Seven Tubs Sunset


A few miles outside of Wilkes-Barre is a place of unique natural beauty, the Seven Tubs. Once a county park, it is now a part of the Pinchot State Forest.  The Seven Tubs has become a very popular destination for hikers and mountain bikers, and whitewater kayakers have been known to paddle Laurel Run in high water.  It is odd to see a place of such beauty so close to an urban area.

Our goal was to hike to a ridge above the Seven Tubs to see the sunset. We hiked down to the tubs as the water shot through a narrow gorge dusted with snow.  The strong current fed a string of deep pools carved into the bedrock.  There were many hikers on the trails, but we soon left them to hike on the ridge.  We climbed to an old rail grade and then climbed further up the ridge, passing massive boulders, cliffs, and even a cave.  The geology of these ridges are interesting, one side of the ridge had sloping ledges, the other had tiers of cliffs and boulders, between which were ponds and vernal pools.  We hiked up the spine of the ridge, enjoying views across the Wyoming Valley.

Our hike followed some unofficial trails which led to a forest road on top of the ridge with grassy meadows and more views. The sun continued to sink towards the horizon as we reached the view from some large boulders.  The sky became enflamed as the sun sank into the horizon.  There were swirls of red, orange and yellow.  The colors transformed to green, blue, purple, and black.  The last light of the day illuminated the serrated ridges that headed down to Nanticoke and Shickshinny.    At one point, I could see all the colors of the rainbow as the drifting clouds glowed red.  We sat there as the sky shed its colors and the last light of the day faded.  The lights of Wilkes-Barre twinkled below.  With a different perspective, you can see that even in a place like Wilkes-Barre, there is so much more, so much potential.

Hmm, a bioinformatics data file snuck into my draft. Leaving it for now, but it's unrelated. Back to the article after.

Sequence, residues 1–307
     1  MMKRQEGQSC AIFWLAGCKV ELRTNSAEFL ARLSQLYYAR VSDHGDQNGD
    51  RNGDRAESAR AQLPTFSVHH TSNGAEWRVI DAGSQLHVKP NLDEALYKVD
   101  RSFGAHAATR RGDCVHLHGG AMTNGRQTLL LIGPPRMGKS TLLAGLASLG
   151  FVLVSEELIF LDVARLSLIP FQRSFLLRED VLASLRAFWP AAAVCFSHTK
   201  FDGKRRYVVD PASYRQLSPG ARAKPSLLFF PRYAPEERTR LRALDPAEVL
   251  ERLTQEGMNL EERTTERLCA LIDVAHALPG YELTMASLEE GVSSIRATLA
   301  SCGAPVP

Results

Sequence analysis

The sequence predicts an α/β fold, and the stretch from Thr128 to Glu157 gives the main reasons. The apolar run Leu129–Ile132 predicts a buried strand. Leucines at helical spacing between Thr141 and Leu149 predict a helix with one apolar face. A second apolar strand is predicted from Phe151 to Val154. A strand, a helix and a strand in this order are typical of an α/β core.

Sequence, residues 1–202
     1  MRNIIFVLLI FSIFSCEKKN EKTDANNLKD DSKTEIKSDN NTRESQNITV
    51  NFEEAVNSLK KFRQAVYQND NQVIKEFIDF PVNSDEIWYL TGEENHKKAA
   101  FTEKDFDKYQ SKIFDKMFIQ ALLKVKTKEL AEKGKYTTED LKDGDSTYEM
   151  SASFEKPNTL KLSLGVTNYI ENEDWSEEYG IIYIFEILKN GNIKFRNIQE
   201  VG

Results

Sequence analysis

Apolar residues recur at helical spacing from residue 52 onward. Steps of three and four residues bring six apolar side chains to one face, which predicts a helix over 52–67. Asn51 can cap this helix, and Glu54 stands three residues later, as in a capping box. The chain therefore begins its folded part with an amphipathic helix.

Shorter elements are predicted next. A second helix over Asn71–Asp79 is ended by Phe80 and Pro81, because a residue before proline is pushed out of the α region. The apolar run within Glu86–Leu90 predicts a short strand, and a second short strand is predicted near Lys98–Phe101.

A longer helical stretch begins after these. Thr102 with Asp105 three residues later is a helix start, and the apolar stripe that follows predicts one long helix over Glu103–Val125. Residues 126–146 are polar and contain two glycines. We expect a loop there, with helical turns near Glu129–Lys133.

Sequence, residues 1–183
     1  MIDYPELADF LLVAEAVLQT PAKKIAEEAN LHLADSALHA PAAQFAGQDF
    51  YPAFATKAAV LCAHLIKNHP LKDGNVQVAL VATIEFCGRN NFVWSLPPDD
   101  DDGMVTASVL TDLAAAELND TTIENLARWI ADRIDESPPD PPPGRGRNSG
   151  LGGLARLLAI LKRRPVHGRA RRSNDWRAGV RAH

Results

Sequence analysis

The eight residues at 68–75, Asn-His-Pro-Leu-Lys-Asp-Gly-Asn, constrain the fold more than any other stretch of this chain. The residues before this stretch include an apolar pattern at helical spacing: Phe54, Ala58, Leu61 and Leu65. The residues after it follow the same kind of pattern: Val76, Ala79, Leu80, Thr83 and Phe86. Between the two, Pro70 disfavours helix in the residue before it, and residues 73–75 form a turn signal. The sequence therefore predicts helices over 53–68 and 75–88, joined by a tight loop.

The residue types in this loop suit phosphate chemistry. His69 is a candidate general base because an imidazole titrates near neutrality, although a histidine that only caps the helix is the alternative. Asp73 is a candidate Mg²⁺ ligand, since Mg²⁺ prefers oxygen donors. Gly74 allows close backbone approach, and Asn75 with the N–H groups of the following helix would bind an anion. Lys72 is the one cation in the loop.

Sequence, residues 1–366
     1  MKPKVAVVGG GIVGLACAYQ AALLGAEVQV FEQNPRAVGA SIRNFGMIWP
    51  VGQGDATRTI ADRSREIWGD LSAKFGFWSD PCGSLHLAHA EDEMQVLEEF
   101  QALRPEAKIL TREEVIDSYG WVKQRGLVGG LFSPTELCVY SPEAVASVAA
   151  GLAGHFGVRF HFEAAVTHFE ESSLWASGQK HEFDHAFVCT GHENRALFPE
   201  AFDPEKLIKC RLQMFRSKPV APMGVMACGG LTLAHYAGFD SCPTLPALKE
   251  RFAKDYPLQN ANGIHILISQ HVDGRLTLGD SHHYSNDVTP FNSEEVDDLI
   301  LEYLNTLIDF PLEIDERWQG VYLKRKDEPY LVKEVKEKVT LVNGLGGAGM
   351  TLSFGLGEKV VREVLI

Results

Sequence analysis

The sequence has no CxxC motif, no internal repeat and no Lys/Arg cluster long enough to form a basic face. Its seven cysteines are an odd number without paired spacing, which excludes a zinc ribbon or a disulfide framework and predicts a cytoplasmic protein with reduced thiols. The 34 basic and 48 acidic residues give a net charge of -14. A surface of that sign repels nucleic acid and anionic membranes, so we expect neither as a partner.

Our fun was not over. We sped through the forest, passing ponds and scrambling down ledges.  The forest began to fuse into black.   Ryan grew up nearby and remarked how he once hiked somewhere with his dad; he remembered that he scrambled up a cliff with metal rungs to hang onto.   We came upon an old sloping skid trail.  This led down to a cliff.  Ryan was ahead and saw the metal rungs.  It was the same place he had hiked with his dad many years ago.  We descended the cliff in the dark, hanging onto the rungs in the deepening twilight.  It reminded me of hiking in the Adirondacks.  We hiked out on the old rail bed in darkness, which is to become a new bike trail, and returned to our cars.  All the other hikers had gone, we were the last as the stars began to shine overhead and traffic rumbled on Route 115 with searing headlights.

More photos.

Map of the Seven Tubs.


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